The fact is that it’s more viable for a company like Apple to be a vertically-integrated device maker, and it has to be attractive to the big names out there to act similarly in order to at least consider a similar approach, and I certainly believe that they will. The face of the Android landscape may be dramatically changing over the next year or two, and the battle may not be against operating systems after all, but manufacturers.

The Hills Are Greener: The Truth About Android’s Growth

The Hills Are Greener: The Truth About Android’s Growth

Sep 26, 2011

It’s always interesting to read about the mobile market and where the growth is occuring. While Android is becoming more popular, it appears as if it is cutting into the ‘dumbphone’ market as much as it is the market of smartphones, particularly the iPhone’s market. This doesn’t necessarily mean that iPhone should be declared as supreme overlord of Android or that everyone who uses Android will eventually move on to the iPhone, but it does shed some light on some of the tendencies of the Android app market. It also reveals a lot about the long-term potential of Android as a platform for selling apps.

What this means is that there are a lot of potential customers for Android apps. There are a lot already, but the revenue potential from these users has been less than on iOS, in particular. But we’ve seen evidence that Android users can make up for their lesser individual revenue by way of sheer numbers. Remember the story of Stardunk – one-third the revenue per user, but triple the users. If this ratio can hold true to a point of equalizing with iOS, then Android can truly be an economic viability, or at least not the kind of risk that it’s often portrayed to be. While the challenge will still be in getting people to download apps, there’s no reason why if Android keeps up its growth, even into the ‘dumbphone’ market, then that’s just more consumers that will buy apps and in-app purchases, and with a higher population of Android users, it’s just more likely that apps can be discovered.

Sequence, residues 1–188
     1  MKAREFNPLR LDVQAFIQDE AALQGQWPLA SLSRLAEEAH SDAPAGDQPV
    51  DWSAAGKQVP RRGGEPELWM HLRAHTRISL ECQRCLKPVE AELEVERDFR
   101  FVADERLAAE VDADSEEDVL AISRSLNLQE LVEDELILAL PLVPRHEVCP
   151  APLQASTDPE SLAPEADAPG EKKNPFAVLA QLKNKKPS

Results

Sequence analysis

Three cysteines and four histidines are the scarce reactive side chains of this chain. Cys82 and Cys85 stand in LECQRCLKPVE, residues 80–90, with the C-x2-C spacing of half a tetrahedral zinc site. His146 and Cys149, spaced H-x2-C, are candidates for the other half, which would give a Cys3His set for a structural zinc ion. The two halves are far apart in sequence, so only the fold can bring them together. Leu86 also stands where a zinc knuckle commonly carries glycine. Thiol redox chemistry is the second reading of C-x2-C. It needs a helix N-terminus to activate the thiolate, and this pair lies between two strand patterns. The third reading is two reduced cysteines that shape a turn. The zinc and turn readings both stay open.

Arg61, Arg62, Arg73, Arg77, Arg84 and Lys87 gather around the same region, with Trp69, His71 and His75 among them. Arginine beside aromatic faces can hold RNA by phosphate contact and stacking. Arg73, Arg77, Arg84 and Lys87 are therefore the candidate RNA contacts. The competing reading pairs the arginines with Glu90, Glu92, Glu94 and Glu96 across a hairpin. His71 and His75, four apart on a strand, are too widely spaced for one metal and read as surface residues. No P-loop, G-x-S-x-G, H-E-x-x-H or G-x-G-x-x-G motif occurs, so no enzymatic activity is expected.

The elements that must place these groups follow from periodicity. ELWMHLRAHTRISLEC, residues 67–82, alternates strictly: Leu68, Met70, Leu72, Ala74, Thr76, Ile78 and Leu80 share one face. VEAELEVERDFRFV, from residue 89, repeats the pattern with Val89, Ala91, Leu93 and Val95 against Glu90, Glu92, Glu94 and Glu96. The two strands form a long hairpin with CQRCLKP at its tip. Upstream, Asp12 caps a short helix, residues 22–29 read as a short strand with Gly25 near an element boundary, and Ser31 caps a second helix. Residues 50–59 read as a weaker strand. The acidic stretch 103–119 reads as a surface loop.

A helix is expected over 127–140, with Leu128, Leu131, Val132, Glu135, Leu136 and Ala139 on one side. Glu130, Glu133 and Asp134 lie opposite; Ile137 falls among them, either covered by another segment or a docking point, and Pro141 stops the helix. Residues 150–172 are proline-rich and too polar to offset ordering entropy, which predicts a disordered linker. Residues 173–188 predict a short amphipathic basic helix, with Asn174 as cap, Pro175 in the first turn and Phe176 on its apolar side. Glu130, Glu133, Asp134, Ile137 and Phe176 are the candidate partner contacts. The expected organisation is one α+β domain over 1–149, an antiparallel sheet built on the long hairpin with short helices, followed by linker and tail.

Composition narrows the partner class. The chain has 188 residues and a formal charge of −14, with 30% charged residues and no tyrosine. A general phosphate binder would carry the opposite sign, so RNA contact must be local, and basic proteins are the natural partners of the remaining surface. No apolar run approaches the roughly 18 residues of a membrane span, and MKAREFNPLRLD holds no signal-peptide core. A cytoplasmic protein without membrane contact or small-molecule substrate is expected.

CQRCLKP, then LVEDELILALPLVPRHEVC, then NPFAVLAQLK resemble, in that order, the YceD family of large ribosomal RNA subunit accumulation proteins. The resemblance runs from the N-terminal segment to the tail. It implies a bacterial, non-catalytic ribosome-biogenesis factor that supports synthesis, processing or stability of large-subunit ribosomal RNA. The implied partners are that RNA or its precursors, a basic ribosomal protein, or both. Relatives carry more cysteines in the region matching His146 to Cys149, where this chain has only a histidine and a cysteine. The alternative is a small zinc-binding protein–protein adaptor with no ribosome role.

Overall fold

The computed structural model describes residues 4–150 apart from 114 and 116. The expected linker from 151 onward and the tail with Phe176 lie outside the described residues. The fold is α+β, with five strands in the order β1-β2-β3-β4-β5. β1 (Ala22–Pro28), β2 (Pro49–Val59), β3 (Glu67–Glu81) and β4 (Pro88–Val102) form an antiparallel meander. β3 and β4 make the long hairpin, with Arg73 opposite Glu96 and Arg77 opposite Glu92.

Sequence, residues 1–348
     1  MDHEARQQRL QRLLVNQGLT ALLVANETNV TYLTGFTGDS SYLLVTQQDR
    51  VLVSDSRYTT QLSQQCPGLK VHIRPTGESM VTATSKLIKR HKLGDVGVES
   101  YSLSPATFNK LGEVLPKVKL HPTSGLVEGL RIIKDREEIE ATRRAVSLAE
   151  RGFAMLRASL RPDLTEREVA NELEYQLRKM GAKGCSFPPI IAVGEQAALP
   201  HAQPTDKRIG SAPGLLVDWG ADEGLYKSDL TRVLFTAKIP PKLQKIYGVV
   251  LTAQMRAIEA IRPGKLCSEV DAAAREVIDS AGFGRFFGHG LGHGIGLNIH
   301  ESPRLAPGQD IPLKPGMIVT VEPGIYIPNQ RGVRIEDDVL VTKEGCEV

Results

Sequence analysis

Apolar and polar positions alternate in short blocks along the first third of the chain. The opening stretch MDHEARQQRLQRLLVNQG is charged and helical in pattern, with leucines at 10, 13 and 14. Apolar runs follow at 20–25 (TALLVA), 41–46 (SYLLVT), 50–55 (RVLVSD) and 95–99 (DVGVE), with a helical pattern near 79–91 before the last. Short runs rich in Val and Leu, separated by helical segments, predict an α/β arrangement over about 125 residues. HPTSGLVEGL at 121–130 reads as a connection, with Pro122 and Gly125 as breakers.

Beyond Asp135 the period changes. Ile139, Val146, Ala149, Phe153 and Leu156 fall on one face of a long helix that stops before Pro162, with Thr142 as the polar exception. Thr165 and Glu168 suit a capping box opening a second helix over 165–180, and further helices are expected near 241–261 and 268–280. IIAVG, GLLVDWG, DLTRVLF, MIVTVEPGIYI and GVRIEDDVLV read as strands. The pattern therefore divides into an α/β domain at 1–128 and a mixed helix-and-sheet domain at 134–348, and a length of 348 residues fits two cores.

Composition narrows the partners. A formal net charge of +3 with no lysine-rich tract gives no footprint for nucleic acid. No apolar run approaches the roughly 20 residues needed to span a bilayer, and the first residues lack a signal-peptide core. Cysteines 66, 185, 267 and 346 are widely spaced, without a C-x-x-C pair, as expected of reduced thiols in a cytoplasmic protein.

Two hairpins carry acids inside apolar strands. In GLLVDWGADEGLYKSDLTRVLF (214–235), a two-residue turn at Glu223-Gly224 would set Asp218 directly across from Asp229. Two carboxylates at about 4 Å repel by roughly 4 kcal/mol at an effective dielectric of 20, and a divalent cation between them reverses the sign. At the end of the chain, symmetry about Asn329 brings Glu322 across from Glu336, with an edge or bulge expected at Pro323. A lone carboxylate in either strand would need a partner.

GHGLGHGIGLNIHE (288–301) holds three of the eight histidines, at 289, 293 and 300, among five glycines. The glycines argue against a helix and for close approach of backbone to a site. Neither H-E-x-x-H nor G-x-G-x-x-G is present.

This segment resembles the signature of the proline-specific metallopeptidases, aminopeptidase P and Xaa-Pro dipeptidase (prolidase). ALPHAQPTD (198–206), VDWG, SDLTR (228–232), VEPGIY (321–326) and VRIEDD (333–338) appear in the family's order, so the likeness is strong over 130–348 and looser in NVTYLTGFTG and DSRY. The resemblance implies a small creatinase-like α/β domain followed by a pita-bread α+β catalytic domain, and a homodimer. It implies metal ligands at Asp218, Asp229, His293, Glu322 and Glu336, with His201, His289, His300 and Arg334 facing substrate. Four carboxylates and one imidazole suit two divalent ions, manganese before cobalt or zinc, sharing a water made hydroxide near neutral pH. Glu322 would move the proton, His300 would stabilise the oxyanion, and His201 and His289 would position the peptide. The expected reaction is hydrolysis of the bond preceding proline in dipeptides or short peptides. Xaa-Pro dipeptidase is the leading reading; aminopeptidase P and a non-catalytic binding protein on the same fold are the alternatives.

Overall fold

Because Android is so versatile (especially now that Intel chips can run Android), even low-powered Android devices can take advantage of some apps, which will help the continued growth of Android. Will they be able to play the latest and greatest games and innovative apps? Probably not. But many mobile apps don’t require extremely powerful hardware in order to succeed. Angry Birds doesn’t require powerful hardware to run. Android can become viable for developers just by continuing to grow and grow, and maybe not even as a secondary market to the iOS App Store.